Classical music is emotive, but there is this problem that you are meant to go through an inner psychological journey, rather than outwardly expressing this journey.
This may not be helped by our British culture. Imagine a stranger wailing on your shoulder at a concert. You just wouldn’t know what to do!
- Do you offer a hankie?
- Reprimand them and tell them to keep a stiff upper lip?
- Or do you ignore them and hope the problem will go away?
I found myself at the Prom on Sunday night where Sir John Eliot Gardiner was conducting the Czech Philharmonic Orchestra. Greig’s Piano Concerto was simply beautiful and I constantly struggled to hold back my tears. To be fair I was feeling emotional before I entered the concert hall, but none-the-less the music augmented this feeling.
I was in a quandary: to cry or not to cry? Was is socially inappropriate? Will people think I am silly for crying or a fool for letting my emotions run so array?
It was the fact that I was surrounded by hundreds of people in the arena that was the problem, as they made me feel so self-conscious. Unlike listening to a CD in my own bedroom, the concert audience has over the last few decades assumed a certain code of behaviour demeaned appropriate. To my knowledge this does not include loud sobbing.
The audience dictates the mood of a concert, not just the performers. Furthermore, performers frequently cite that what they most love is getting a vibe back from the audience. If the audience only reveals a glimpse of their reaction, how is a performer going to perceive this when they have a hundred and one other things to think about? I’m certain that frequently there is a lack of interaction between the performers and audience. If the audience doesn’t give the performers anything, the performers cannot give it back.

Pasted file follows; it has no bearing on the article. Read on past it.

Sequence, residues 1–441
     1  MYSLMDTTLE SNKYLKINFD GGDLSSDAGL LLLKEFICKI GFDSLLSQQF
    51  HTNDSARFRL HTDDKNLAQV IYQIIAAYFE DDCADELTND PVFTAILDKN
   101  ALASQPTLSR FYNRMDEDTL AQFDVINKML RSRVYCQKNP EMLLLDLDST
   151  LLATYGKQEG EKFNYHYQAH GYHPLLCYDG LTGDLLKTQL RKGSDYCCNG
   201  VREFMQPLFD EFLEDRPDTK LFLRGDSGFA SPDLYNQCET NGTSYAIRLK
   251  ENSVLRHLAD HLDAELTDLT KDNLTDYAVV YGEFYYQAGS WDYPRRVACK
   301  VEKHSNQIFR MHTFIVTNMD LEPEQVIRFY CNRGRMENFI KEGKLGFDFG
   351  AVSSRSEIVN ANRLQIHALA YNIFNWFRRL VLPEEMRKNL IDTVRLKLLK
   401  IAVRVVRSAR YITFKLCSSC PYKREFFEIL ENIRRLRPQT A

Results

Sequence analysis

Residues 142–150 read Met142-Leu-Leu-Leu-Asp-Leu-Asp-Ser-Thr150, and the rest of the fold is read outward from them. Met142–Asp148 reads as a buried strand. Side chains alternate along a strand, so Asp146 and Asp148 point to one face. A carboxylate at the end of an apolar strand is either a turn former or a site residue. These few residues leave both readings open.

The concert is also meant to be a collective experience. However, if we don’t express what we are feeling at the time and then in the interval we are too shy to discuss how the music moved us, it is very difficult to gage how others are feeling. We are not sharing the experience. Apart from it obviously being cheaper to all go and hear the same orchestra play live, it makes you question why we choose to go to concerts with family and friends. (To be fair, I know some who prefer their own company at concerts, so that they can properly focus on the music.)
Therefore, I would argue that we should reconsider this closed inner reaction to classical music and see if we can open up to be a more expressive audience (perhaps even as expressive as the performers!).
It may mean that concert promoters or performers need to think about how they can modify people’s behaviour. Do you get them clapping along or force them to stand up and hope that they may dance/move to the music? Or do we need to make peopel feel comfortable to show their emotions? Whatever method used, I can see how it could mutually benefit both performers and audience.
As a footnote, I will add that I am not necessary suggesting one should cry through all performances. One could argue that it does not enhance the experience, because through the tears the stage is all a blur and all anyone can hear if you blowing your nose like a trumpet!